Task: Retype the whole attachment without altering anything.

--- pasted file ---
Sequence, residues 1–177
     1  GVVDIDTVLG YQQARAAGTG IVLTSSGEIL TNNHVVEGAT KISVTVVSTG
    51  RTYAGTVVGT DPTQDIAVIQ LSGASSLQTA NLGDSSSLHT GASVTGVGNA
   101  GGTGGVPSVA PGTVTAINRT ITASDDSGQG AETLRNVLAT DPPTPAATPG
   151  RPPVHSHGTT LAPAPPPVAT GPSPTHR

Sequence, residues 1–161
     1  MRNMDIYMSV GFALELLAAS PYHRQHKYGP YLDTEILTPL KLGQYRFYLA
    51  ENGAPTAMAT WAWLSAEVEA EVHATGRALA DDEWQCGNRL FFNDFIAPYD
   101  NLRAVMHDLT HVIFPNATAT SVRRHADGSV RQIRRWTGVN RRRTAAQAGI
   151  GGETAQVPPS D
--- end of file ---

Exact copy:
Sequence, residues 1–177
     1  GVVDIDTVLG YQQARAAGTG IVLTSSGEIL TNNHVVEGAT KISVTVVSTG
    51  RTYAGTVVGT DPTQDIAVIQ LSGASSLQTA NLGDSSSLHT GASVTGVGNA
   101  GGTGGVPSVA PGTVTAINRT ITASDDSGQG AETLRNVLAT DPPTPAATPG
   151  RPPVHSHGTT LAPAPPPVAT GPSPTHR

Sequence, residues 1–161
     1  MRNMDIYMSV GFALELLAAS PYHRQHKYGP YLDTEILTPL KLGQYRFYLA
    51  ENGAPTAMAT WAWLSAEVEA EVHATGRALA DDEWQCGNRL FFNDFIAPYD
   101  NLRAVMHDLT HVIFPNATAT SVRRHADGSV RQIRRWTGVN RRRTAAQAGI
   151  GGETAQVPPS D